Black Hole Battles

lenny susskind, kc coleSomehow, I only learned about this today, and it is already standby tickets only, but you never know. If you’re in LA and interested in a different kind of conversation, consider taking in the event (part of the Aloud series) at the downtown Los Angeles Central Library tomorrow night at 7:00pm. It’s between two friends and colleagues of mine, the science writer K C Cole and the scientist Lenny Susskind! The event is entitled, “The Black Hole War: My Battle with Stephen Hawking to Make the World Safe for Quantum Mechanics”, and presumably will be about Lenny’s reflections on some of the exciting squabbles over various important issues in black hole physics that took place (and still take place) in our field of physics. The above turns out to be (I just learned from a Google search) the title of a book he’s written, so you might be interested in it for your Summer (or other) reading.

Some of you may recall her really great conversation with Alan Alda that took place at USC earlier this year. I reported on it here. K C tends to run these sorts of conversations extremely well (being well versed in her subjects from years of writing about them in her excellent popular books), and so combined with the fact that Lenny is such an insightful physicist and excellent speaker, it will be worth going.

The link to the event details is here.

I can’t make it since I’m hiding in Aspen, but if you go I hope you enjoy it, and maybe even come here and tell us what you thought!


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6 Responses to Black Hole Battles

  1. IG says:

    Sorry Clifford, but now everybody knows you do not read other blogs (Woit and Motl for example) that mentioned this book about one month ago. Lucky you who dedicates more attention to pertinent things like research.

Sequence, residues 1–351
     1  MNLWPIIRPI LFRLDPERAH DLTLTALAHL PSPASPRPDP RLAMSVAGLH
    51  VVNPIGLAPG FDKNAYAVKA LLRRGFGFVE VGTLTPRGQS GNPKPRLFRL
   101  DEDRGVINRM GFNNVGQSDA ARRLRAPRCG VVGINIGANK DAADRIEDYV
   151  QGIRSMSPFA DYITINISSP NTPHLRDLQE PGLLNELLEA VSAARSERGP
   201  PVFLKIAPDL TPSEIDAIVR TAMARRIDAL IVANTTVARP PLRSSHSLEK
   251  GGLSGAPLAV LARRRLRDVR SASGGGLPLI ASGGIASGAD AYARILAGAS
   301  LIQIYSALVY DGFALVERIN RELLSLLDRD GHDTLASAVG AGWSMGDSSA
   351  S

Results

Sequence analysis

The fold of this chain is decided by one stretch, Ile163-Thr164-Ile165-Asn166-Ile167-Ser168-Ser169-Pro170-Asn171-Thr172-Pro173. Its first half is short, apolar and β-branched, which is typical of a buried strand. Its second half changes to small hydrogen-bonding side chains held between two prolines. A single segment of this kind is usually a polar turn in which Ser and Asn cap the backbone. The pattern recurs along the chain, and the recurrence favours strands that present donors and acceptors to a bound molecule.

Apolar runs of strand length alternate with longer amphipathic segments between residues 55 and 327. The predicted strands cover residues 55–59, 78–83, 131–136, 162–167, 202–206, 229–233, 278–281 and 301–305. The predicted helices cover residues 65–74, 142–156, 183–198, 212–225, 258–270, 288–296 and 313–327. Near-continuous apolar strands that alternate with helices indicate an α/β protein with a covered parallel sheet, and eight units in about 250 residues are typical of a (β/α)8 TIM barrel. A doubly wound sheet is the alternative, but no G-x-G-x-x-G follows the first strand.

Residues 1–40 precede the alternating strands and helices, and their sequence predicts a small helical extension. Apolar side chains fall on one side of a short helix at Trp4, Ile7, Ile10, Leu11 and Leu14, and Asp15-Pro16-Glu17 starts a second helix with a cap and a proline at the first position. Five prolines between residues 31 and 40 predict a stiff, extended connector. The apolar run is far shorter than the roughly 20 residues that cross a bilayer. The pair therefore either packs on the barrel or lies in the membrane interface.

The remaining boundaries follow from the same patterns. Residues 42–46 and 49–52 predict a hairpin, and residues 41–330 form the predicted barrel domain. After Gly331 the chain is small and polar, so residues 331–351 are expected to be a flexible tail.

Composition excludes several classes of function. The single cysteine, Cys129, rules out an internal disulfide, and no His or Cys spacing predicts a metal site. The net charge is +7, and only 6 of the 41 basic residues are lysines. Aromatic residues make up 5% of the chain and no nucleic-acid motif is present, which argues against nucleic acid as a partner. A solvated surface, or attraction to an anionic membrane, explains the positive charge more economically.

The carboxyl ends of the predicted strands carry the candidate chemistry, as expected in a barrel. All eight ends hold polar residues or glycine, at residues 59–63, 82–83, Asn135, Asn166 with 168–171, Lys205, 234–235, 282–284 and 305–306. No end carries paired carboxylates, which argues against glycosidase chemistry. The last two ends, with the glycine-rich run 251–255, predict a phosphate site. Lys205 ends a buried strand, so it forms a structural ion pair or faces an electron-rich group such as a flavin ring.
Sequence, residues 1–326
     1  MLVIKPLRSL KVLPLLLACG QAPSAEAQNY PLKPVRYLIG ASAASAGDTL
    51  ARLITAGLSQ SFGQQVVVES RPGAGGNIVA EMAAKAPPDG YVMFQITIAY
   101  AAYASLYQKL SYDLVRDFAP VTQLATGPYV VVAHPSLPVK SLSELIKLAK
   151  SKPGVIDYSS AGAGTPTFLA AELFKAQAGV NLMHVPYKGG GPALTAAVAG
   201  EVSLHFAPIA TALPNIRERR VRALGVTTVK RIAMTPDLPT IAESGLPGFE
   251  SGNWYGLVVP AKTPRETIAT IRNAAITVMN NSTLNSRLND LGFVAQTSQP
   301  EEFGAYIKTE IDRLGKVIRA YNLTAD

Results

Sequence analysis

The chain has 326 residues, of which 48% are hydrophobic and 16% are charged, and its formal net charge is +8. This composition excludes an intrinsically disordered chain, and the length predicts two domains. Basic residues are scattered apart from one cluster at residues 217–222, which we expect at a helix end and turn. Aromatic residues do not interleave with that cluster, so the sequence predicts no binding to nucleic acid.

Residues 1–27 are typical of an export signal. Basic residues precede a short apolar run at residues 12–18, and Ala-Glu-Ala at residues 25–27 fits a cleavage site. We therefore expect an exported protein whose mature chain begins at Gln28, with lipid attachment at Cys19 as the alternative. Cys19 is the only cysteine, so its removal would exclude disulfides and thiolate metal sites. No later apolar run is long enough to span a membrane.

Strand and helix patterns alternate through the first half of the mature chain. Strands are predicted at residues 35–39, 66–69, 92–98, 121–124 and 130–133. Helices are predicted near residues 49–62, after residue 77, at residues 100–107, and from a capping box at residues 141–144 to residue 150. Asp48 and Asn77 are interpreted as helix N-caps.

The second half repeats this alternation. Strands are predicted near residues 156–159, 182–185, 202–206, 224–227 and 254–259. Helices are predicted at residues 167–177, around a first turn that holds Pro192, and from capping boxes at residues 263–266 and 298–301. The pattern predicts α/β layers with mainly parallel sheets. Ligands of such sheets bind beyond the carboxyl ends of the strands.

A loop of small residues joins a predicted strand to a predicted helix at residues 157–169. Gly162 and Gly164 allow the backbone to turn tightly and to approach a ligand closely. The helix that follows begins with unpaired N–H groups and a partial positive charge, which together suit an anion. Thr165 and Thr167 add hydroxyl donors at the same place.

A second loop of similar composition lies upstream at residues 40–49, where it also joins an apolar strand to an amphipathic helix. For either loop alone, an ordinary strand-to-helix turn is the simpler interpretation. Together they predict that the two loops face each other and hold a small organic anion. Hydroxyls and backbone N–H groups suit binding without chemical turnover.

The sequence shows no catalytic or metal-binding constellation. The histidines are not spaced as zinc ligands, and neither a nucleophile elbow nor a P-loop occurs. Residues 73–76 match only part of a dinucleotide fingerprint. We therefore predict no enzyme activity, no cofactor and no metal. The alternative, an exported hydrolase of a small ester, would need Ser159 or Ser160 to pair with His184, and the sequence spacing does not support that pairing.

I already got a copy but haven’t started yet since I’ve been reading Susskind’s previous book on the Landscape.

  2. Clifford says:


    Goodness me, it’s definitely not a secret that I don’t read those blogs. I’ve said that here several times. I thought it was common knowledge. Abysmal signal to noise ratio issues, rampant ignorance, deliberate distortions, outright lies, general unpleasantness, lack of time, and so forth. Frankly, I’ve too many more useful and pleasant things to do.

    There are several others I don’t read too, for other reasons, and again time. That’s just where I am right now, I guess. Loving it.

    Thanks for looking in. Enjoy the books!



  3. nige cook says:

    Hi Clifford,

    Maybe you are being just a little harsh on those blogs about the problems of ‘… deliberate distortions, outright lies, general unpleasantness, lack of time …’

    K. C. Cole argues to the contrary, although I’m not sure if this science writing advice extends from print media journalism down to science blogs or not (maybe she only suggests it for print media and TV presentations):

    ‘Really good science writers need to lie, cheat, and steal, said K. C. Cole in the first plenary of the workshop. She outlined 15 rules for writing in her talk, but focused most on the value of lying. …

    ‘Her list of 15 rules also included such advice as waste people’s time (“Don’t be afraid to keep asking questions until you understand”), eschew objectivity, and quote out of context (“Quotes are always out of context”).’

    – Elise Kleeman, Opening talk by K.C. Cole, Los Angeles Times,

    Hopefully I’m quoting her out of context, like a good science writer (according to the 15 rules). 🙂

  4. Plato says:

    All of physics as we know it is conditioned on the fact that information is conserved, even if it’s badly scrambled,” Susskind says.

    Maybe you can expand on this later in terms of the blackhole?

    I guess this is the unfortunate part of being in a small town, but nice that one can access that talk later on?

    I must say it was a “culture shock” being in LA the last week of June. First time, and unfortunately we did not to get to visit some of places that you have blogged about. We will next time. Never seen so much smoke.

  5. Clifford says:

    smoke? Was it during one of the big fires? Sorry to hear about the timing.

    I think Susskind was simply saying that the black hole scrambles the information a lot, but it eventually comes out, even if you have to look carefully and wait a long time to recover it.



  6. Plato says:

    It was around the 23 June in the Mendocino area

    It was very beautiful in these areas.